Ten banks to pay $8.5 billion to settle foreclosure abuse review

A man walks past a Wells Fargo location in Philadelphia.
(Matt Rourke / Associated Press)

WASHINGTON -- Ten of the nation’s largest mortgage servicers have agreed to an $8.5-billion settlement with federal regulators to end a review of foreclosure abuses.

The settlement, announced Monday, involved some of the biggest names in the financial industry, including Bank of America Corp., Wells Fargo & Co., JPMorgan Chase & Co. and Citigroup Inc..

They agreed to pay a total of $3.3 billion to more than 3.8 million borrowers whose homes were in foreclosure in 2009 and 2010, according to the Federal Reserve and the Office of the Comptroller of the Currency. Borrowers could receive as much as $125,000, depending on the type of problems with their foreclosures.


In addition, the banks agreed to provide $5.2 billion in other assistance to those borrowers, including modifications to their mortgages or having judgments against them forgiven.

The other servicers participating in the settlement are Aurora Loan Services, MetLife Bank, PNC Financial Services, Sovereign Bank, SunTrust Banks and U.S. Bancorp. Four smaller servicers whose foreclosure practices have been under review did not sign on to Monday’s settlement.

Under the original plan devised by the comptroller and the Federal Reserve in April 2011, 4.4 million Americans whose homes were in foreclosure proceedings in 2009 and 2010 could request a free review. Only about half a million have done so.

Regulators decided to stop the reviews in exchange for the cash payments and assistance.

Borrowers who requested reviews would get bigger cash payments. Those that did not would get a few hundred dollars. Those who requested reviews would get bigger payments.

“When we began the Independent Foreclosure Review, the OCC pledged to fix what was broken, identify who was harmed and compensate them for that injury,” said Comptroller of the Currency Thomas J. Curry.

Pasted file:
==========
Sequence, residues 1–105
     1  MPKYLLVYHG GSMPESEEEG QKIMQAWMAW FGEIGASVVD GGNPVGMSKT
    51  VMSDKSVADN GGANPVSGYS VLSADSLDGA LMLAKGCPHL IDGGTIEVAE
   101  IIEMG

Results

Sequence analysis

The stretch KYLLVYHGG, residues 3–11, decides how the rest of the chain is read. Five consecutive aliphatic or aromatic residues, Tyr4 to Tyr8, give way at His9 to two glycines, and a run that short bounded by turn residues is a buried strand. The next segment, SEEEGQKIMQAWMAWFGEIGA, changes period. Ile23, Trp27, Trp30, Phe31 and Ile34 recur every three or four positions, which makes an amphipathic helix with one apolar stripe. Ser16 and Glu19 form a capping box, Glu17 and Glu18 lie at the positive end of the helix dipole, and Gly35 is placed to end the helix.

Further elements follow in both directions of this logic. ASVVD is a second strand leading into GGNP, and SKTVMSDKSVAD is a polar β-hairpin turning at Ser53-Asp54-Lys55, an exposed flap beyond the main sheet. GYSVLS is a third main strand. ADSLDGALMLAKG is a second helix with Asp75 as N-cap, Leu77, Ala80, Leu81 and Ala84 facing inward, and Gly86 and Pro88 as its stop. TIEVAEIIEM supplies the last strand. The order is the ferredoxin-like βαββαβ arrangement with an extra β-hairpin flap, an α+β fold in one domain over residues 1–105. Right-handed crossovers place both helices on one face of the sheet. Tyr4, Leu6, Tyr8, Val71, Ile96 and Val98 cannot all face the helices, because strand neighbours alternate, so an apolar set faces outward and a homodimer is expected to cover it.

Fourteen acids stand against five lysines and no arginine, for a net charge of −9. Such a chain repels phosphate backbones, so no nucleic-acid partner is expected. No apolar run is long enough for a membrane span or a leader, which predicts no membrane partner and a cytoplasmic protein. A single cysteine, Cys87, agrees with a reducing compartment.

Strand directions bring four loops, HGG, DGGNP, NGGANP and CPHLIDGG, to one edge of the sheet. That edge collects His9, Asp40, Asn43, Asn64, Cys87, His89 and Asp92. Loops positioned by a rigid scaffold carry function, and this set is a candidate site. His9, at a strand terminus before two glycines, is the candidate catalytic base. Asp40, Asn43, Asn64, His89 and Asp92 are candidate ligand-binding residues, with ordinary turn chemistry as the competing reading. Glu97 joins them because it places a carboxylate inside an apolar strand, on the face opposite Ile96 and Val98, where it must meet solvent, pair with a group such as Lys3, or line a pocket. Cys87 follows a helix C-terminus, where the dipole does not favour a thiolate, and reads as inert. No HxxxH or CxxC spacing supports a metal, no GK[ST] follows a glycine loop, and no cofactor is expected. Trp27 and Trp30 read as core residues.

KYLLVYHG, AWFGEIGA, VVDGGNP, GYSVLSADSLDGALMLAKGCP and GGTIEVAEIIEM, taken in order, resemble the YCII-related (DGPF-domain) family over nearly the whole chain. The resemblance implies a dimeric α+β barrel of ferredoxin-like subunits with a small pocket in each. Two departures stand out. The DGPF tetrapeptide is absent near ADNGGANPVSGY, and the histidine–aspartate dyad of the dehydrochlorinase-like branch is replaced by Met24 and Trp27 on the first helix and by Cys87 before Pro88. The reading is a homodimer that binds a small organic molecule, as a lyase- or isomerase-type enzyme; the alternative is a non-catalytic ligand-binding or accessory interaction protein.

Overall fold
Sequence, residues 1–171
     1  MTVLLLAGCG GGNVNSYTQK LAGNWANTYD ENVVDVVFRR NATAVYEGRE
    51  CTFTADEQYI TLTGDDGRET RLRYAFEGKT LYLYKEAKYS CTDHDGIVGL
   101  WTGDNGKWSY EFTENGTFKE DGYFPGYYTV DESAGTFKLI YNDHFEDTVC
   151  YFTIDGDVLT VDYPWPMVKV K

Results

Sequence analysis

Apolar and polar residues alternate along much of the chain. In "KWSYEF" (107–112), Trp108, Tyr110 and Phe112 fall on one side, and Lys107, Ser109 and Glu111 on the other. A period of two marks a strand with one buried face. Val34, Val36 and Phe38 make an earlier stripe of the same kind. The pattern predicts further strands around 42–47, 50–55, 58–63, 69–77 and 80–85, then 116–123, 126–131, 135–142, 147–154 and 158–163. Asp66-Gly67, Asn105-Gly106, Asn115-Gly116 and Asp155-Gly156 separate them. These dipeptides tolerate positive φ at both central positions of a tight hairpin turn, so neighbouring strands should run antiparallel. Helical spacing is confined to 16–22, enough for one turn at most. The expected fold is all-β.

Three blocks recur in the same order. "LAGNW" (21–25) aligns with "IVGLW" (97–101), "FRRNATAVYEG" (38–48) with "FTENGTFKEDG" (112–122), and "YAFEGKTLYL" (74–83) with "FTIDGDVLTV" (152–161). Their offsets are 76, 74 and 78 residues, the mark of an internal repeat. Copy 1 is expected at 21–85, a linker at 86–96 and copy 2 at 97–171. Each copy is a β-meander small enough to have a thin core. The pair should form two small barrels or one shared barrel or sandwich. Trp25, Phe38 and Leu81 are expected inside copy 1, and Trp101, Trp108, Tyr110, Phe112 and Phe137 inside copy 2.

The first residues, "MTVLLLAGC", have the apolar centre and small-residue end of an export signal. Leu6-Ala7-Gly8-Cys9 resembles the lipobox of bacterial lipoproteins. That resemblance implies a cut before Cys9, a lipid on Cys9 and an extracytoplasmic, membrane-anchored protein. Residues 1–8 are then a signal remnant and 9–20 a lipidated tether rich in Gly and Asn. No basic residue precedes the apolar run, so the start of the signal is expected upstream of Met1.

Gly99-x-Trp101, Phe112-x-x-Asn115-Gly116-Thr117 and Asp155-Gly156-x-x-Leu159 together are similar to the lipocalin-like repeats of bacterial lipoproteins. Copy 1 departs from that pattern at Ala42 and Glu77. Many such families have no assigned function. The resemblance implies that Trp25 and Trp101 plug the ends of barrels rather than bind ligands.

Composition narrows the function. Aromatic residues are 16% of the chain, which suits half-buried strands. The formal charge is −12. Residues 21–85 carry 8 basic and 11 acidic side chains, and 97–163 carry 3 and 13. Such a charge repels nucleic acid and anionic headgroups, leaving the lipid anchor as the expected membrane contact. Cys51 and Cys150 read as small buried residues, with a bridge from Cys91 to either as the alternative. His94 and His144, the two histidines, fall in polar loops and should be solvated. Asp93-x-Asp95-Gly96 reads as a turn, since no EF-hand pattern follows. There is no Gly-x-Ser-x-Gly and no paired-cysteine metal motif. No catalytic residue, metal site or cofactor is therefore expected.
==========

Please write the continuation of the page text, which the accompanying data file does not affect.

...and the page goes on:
“While today’s announcement represents a significant change in direction,” he continued, “it meets those original objectives by ensuring that consumers are the ones who will benefit and that they will benefit more quickly and in a more direct manner.”

Curry said that although regulators have “have learned a great deal from the reviews ... it has become clear that carrying the process through to its conclusion would divert money away from the impacted homeowners” and delay compensation to the borrowers.

Rep. Elijah E. Cummings (D-Md.), criticized the decision by regulators to reach a settlement with the mortgage servicers.

“I am deeply disappointed that the OCC and the Federal Reserve finalized this settlement and effectively terminated the Independent Foreclosure Review process before providing Congress answers to serious questions about how this settlement amount was determined, who these funds will go to, and what will happen to other families who were abused by these mortgage servicing companies, but have not yet had their cases reviewed,” Cummings said.

He said he didn’t know “know what the rush was to make this settlement without answering these key questions” and that he had “serious concerns that this settlement may allow banks to skirt what they owe and sweep past abuses under the rug without determining the full harm borrowers have suffered.”


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